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A French Style Victory

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Photo: Jean-Luc Mélenchon (in center) aims to dismantle Emmanuel Macron's achievements. He relies on the previous powerful protest movement against pension reform, among other things. Source: Jean-Luc Mélenchon FB
Photo: Jean-Luc Mélenchon (in center) aims to dismantle Emmanuel Macron's achievements. He relies on the previous powerful protest movement against pension reform, among other things. Source: Jean-Luc Mélenchon FB

The elections in France concluded in a rather interesting and unexpected manner for many. Prior to the first round, most polls placed Macron's "Ensemble" alliance in third place, behind the left-wing "Popular Front" and the far-right "National Rally" (RN). The reality turned out to be somewhat different: the far-right "National Rally" came in third. None of the major forces managed to form a coalition by rallying smaller parties and blocs. Thus, Macron and his centrist alliance "Ensemble" will have to negotiate a government coalition with the left-wing "New Popular Front". However, this currently seems rather unrealistic. It is highly likely that the process of forming a government could prove to be extremely complex and painful for the participants in the government coalition, with an uncertain outcome.


"We will raise the minimum wage: by decree. But to achieve a rise in every professional field, you will have to mobilise everywhere. Our government will have the powers that the people give it in practice," announced Jean-Luc Mélenchon, considered the informal leader of the "New Popular Front" bloc, on X (formerly Twitter). Thus, there is no government yet, but the desire to fuel the spiral of inflation and unemployment is already present. This is because a forced increase in the minimum wage leads precisely to accelerated inflation and increased unemployment.


"Raise the minimum wage: by decree" - Jean-Luc Mélenchon, informal leader of the "New Popular Front" bloc.


Why is Mélenchon so bold, despite his bloc not having a majority? Because he holds the golden share, and the responsibility for the consequences of the new government coalition's policies is unlikely to fall on the left-wing bloc itself, with whom Emmanuel Macron and his "Ensemble" bloc will negotiate.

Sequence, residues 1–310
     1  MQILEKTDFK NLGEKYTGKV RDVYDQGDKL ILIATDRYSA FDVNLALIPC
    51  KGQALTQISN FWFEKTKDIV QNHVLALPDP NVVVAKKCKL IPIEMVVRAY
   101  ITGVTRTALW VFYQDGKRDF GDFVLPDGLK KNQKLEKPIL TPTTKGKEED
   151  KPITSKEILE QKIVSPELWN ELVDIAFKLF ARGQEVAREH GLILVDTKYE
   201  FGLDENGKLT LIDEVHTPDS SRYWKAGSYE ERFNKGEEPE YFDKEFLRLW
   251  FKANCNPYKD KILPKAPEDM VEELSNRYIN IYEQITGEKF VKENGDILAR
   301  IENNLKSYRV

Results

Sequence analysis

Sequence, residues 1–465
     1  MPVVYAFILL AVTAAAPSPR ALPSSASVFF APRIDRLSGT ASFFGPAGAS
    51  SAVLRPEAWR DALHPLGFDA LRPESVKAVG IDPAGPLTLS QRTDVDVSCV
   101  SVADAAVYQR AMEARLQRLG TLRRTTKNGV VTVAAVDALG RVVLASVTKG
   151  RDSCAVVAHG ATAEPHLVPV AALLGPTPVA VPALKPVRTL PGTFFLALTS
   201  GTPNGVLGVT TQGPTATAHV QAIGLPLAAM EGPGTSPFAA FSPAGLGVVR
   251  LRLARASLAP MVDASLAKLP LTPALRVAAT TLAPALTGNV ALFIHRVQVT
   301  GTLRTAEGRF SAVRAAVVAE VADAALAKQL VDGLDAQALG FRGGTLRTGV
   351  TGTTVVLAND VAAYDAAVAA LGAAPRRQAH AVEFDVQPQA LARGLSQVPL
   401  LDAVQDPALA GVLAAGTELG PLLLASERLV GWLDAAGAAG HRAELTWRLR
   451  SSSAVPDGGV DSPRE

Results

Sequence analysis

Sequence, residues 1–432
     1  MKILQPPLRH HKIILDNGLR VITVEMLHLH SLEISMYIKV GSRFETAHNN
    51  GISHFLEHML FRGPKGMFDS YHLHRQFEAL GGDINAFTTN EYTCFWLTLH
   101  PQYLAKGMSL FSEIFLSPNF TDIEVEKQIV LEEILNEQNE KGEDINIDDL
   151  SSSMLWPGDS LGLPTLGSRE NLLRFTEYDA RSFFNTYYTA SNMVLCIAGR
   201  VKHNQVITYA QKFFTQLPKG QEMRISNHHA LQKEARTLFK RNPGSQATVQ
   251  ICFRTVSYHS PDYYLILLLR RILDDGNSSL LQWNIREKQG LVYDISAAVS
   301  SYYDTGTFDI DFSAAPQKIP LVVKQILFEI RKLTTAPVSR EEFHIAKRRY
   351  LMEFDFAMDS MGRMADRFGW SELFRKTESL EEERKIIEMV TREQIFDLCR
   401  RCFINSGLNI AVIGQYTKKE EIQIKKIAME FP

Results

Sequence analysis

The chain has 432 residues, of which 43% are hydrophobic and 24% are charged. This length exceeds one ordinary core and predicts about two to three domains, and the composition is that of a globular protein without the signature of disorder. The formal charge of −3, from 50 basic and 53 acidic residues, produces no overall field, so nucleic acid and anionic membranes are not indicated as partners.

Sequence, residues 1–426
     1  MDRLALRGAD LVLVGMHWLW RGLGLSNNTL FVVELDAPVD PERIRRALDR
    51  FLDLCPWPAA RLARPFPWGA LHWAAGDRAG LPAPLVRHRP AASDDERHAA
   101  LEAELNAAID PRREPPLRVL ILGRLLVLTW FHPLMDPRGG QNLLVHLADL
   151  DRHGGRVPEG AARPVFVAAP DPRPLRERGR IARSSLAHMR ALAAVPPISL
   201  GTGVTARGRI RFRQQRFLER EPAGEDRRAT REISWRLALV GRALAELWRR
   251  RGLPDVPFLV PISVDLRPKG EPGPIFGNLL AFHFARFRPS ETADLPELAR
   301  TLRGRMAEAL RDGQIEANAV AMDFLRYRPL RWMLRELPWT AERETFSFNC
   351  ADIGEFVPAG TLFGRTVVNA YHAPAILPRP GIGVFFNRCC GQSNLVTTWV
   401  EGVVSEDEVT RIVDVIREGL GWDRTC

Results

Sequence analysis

How the Snap Elections in France Unfolded

After the triumphant victory of the far-right "National Rally" (RN) in the European Parliament elections, French President Emmanuel Macron announced the dissolution of the National Assembly, the lower house of the country's parliament. The National Assembly has 577 deputies elected in single-member constituencies. The first round of voting took place on 30 June, but, as usual, a second round was required in most constituencies. However, 76 deputies were elected in the first round. These winners managed to secure more than 50% of the votes in their constituencies, granting them the right to parliamentary mandates a week ago.


In the second round, held on 7 July, 501 deputies were to be elected. To win in the second round, a candidate needed to secure a majority of the votes. A peculiar situation arose where candidates from the left-wing New Popular Front withdrew their candidacies in many constituencies to allow "Ensemble" candidates to defeat those from the far-right "National Rally". Conversely, in some constituencies, "Ensemble" candidates withdrew to enable a New Popular Front candidate to win.


The situation appears quite strange, doesn't it? After all, ideologically, the views of the supporters of the New Popular Front and "Ensemble" are completely different. However, the leaders decided to benefit from the fact that many voters were willing to vote in such proposed conditions not so much for "Ensemble", but against the National Rally, if a New Popular Front representative withdrew from the race. Conversely, in some cases, not so much for the New Popular Front, but against the National Rally, if an "Ensemble" representative withdrew from the race in a particular constituency.


The result actually pleased everyone except the far-right. For instance, if pre-election polls had given the New Popular Front a respectable 27% of the votes, they received slightly more in the first round - 28.21%. However, in the final result, they secured 180 mandates, or 31.2% of the seats in the National Assembly.


"Ensemble" was predicted to receive only 21% according to pre-election polls, and indeed, they received almost the same - 21.28% in the first round. However, the final result of 159 mandates looked significantly better, translating to 27.56% in the parliament.